football Edit

OPINION: Now is not the time for verdict on Diaz

Manny Diaz after the game
Manny Diaz after the game

CHAPEL HILL – At the end of the day it was another loss, six straight to Power 5 competition now.

Manny Diaz stood all alone in a corner inside Kenan Stadium long after the game was over trying to come to terms with that. A few workers were in the stands scooping up garbage. Diaz didn’t pay attention to them and they didn’t give him a single thought either. Diaz has lost a lot as a head coach. But not like this. Not in consecutive games like this.

A missed field goal. Now a batted pass that was intercepted.

The difference between leading the Coastal Division of the ACC and being almost out of it now.

The feelings of failure he had to feel in the early stages of each game when he was being undressed as a defensive coordinator only to see those games come down to one play and knowing that if he had just made a bigger difference along the way that those single snapshots at the end might not have been as significant.

The knowledge that so many people want to see him fired now because Miami football doesn’t seem to be going anywhere under his leadership with losses mounting on top of losses.

Diaz is human you know. This is absolutely devastating. All those millions he makes don’t mean much right now. He isn’t going shopping at Neiman Marcus with his wife tomorrow.

So yeah, Diaz stood there all alone in only his thoughts and you can only imagine what those might have been.

Nobody but him knows.

Five minutes turned to 10.

Ten minutes turned to 15.

He stood there thinking.

Finally he was summoned to the bus for the ride to the airport.

A lot of fans right now want it to be the last ride to the airport he takes.

But that is not going to happen, not after what we saw in the second half at Kenan Stadium Saturday. There is very little chance that will happen.

“In the years I’ve been doing this to be part of a team that has this mental toughness, resilience, courage that this team has - I’ve never been part of it before,” Diaz said after the game.

Diaz has been known to spin things at times. This was not one of them. This was pain.

North Carolina Coach Mack Brown tried to yuck it up with him at midfield after the game, probably about the greatness of the battle. Diaz wanted no part of that.

“That’s why my heart breaks,” Diaz said. “We just can’t find a play to get them the victory that in my mind they deserve. It’s a play, and as coaches we have to find that play.

“There are mistakes we have to fix, mistakes that as coaches we are accountable to make sure are fixed. … “

A week after getting outgained 151-10 in the first quarter by Virginia, Miami was outgained 176-12 by Carolina early-on Saturday and 275-80 by halftime. Yes, that’s a bigger issue that suggests opponents gaining a sizeable edge in game planning.

But what happened after that was quite remarkable. The coaches went inside at halftime and made a few impactful adjustments. The players pulled together and played every second of the second half like their own lives were on the line, not just the future of their coach.

And the game totally changed on both sides of the ball. Miami ran 26 plays in the first half and 53 in the second half. The Canes outgained North Carolina 341-107 in the second half. And by the time the game was over, Miami actually ended up with more yards than North Carolina did. 421-382.

It’s the magic of sports. There are things that sometimes you just marvel at, don’t try to explain.

Yes, that was Miami driving deep inside North Carolina territory with a chance to tie or win the game as the final seconds wound down.

And this time Diaz didn’t play for the field goal. There was never a thought of spiking the ball to stop the clock.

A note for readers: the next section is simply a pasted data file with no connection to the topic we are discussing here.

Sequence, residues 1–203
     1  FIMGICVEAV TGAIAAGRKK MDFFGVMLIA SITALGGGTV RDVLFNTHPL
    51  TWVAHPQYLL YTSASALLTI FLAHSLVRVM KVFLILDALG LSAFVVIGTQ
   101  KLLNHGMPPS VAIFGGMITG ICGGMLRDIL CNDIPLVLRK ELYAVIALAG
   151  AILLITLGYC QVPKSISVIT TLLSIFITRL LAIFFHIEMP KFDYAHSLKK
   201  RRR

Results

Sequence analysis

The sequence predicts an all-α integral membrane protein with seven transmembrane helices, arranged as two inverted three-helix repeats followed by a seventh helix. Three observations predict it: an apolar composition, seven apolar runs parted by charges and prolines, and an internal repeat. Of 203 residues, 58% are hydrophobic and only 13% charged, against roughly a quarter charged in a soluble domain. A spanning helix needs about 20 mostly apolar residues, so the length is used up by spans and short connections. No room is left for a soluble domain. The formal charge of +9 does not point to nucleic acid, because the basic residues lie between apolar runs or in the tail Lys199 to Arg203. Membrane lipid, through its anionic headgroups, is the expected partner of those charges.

Quarterback Tyler Van Dyke, who suffered through tough moments but drove the offense down the field twice in the fourth quarter with the game on the line, tried to execute a basic RPO play that the Hurricanes have practiced hundreds of times. Get the defense to suck up to stop the run, complete the pass over the top.

Charleston Rambo was lined up on the right side and cut across the middle.

Van Dyke saw him and released the ball.

But Carolina’s Jeremiah Gemmel batted the pass at the line of scrimmage and it eventually landed in the arms of Cedric Gray for an interception. There were six seconds left. The game was over. Just like that. The game was over. Canes lose again.

“There’s a really good team in that locker room,” Diaz said. “We are what our record is, I understand that. But we stay the course, it’ll show.”

The record is now 2-4. That’s bad. There will be a time to evaluate the football program at The U. A lot of conversations have begun behind the scenes. There will be a time to cast judgement on Diaz. But man, now is not it.

Not today.

Not tomorrow either.

You want to know why? Because of how hard that team played under the adversity it faced. They could have quit on Diaz, who was having another really bad day at the office. That’s when you fire a coach. But they did not quit. They played harder. They played better. They showed heart that they might not have even known they had because that effort they showed would have come in handy a bit earlier in the game.

No matter how angry some fans might be, no matter how justified that anger might also be over what has happened to one of the most storied programs of modern day college football over nearly two decades now, now is simply not the time to brandish a sword.

It is not the time to drive it home.

It is not the time to draw blood.

Just six weeks ago, when anybody sized up the ACC in 2021 and the Coastal Division race in particular, the Miami-North Carolina game that was played out here Saturday was circled on every calendar.

So what the heck happened?

On one sideline stood the Hurricanes, loser of five straight games against Power 5 competition, with a head coach firmly on the hot seat in the eyes of the fan base if not the athletic director in just year three of his tenure.

On the other was a North Carolina team that was ranked in the top 10 to start the season who some were now calling the most disappointing team in the country. The offense was underachieving despite having one of the best quarterbacks in the country in Sam Howell and the defense had been porous. The Tar Heels were pretty much out of the Coastal race with three conference losses entering Saturday’s game despite returning 21 of their 22 starters from the end of last season and also adding a Top-15 recruiting class. Brown was so rattled by it all that he has been blaming the media for having too lofty expectations for the Tar Heels.